After so many years of longing and anxiety 
was he master of a document which in all 


probability, ten years hence, would give him 
the coveted Manor ; for he was sure that now 
his brother had once begun to borrow, he 
would continue doing so until he had received 
the full value of the property ; and the interest 
was so good that Archer was in every way the 
gainer. So his desires were fast fulfilling ; he 
had won his titled wife, with her rank and 
property ; and now he waited anxiously for Sir 
Edgar's death, and then his proud hopes 
would be all realized. 

How the Squire was to repay his brother, 
would have puzzled another man ; but honest 
Phil Neville imagined a few years' economy 
would do it ; and he returned home content 
with the result of his journey ; paid his debts ; 
and began to play the domestic man by 
endeavouring to assist Maude in the arrange- 
ment of Lucy's books at the vicarage, thereby 
considerably retarding her progress. Maude 
was very glad to have her father with her, in 
spite of his awkward attempts at assistance, 
for she dreaded him again meeting his former 
associates. She sighed when she thought of 
ten years hence; but it was along time to come, 
and she hoped that ere then, they would be 


able to pay the debt, and save the dear old 
Manor, her father's home, and her own. Maude 
thought her Uncle might as well have lent the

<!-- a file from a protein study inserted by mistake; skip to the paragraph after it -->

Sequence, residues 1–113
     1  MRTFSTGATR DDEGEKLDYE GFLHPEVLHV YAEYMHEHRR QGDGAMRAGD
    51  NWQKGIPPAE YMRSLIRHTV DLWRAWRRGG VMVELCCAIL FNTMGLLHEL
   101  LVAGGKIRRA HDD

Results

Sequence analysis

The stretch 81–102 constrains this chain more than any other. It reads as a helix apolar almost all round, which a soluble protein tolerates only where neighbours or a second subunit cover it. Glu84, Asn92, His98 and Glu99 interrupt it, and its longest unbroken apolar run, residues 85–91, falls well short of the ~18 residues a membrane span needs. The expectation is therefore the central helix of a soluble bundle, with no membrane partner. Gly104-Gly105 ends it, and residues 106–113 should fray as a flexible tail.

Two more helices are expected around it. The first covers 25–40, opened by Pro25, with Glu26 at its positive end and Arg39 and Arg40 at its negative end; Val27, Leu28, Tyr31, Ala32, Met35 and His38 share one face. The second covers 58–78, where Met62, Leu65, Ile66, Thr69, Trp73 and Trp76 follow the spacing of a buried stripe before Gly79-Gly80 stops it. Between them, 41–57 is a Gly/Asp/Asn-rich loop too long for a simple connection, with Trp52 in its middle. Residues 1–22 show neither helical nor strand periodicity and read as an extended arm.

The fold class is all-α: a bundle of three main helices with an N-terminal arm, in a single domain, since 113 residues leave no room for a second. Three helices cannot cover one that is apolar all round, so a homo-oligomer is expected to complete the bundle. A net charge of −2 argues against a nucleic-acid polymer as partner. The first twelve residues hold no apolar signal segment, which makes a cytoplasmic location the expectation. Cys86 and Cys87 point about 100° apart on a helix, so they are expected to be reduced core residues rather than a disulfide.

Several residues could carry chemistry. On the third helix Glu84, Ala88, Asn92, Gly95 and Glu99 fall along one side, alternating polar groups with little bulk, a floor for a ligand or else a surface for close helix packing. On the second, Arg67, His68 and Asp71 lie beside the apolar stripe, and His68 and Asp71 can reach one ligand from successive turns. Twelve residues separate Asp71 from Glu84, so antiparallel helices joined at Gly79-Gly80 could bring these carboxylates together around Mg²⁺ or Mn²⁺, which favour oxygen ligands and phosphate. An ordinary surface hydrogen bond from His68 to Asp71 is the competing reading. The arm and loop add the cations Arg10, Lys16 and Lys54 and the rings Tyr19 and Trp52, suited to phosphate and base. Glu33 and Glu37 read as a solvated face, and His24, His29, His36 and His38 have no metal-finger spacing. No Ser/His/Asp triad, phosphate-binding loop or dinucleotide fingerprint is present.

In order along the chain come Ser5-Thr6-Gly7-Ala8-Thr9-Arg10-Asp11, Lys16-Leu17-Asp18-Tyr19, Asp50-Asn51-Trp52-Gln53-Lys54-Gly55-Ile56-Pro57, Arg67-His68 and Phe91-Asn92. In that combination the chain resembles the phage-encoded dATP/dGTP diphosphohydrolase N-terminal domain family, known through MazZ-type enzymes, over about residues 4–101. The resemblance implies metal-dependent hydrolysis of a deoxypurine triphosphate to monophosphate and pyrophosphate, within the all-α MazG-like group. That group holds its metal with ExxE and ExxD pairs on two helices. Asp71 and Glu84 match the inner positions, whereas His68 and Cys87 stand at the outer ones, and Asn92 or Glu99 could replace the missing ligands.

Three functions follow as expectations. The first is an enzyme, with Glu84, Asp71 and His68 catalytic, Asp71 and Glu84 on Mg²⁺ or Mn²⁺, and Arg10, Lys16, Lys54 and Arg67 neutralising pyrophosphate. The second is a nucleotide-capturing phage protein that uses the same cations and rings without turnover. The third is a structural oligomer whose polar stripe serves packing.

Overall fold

required money without taking their all as a 
security. She was learning something new, 
she had learnt now what a mortgage was ; but 
she did not know the avarice that had prompted 

Meanwhile Archer's drooping wife con- 
tinued unchanged. Her family had become 
accustomed to her melancholy moods, and 
heeded them not. The only thing that seemed 
to amuse her now, was wool-work, which 
carried her so often to the fancy shop at Friars- 
ford. The Countess little guessed the real 
object concealed beneath the repeated purchase 
of the various kinds of wool. Who could 
have imagined the secret correspondence she 
carried there, in answer to Archer's letters ad- 
dressed in a disguised hand to " Lady Flora 
Erresford." Oh ! how she longed for the time 
to come when she might proclaim her rightful 
name ! 

Old Mrs. Field, who stamped the letters, 
made comment what a good niece Miss Maude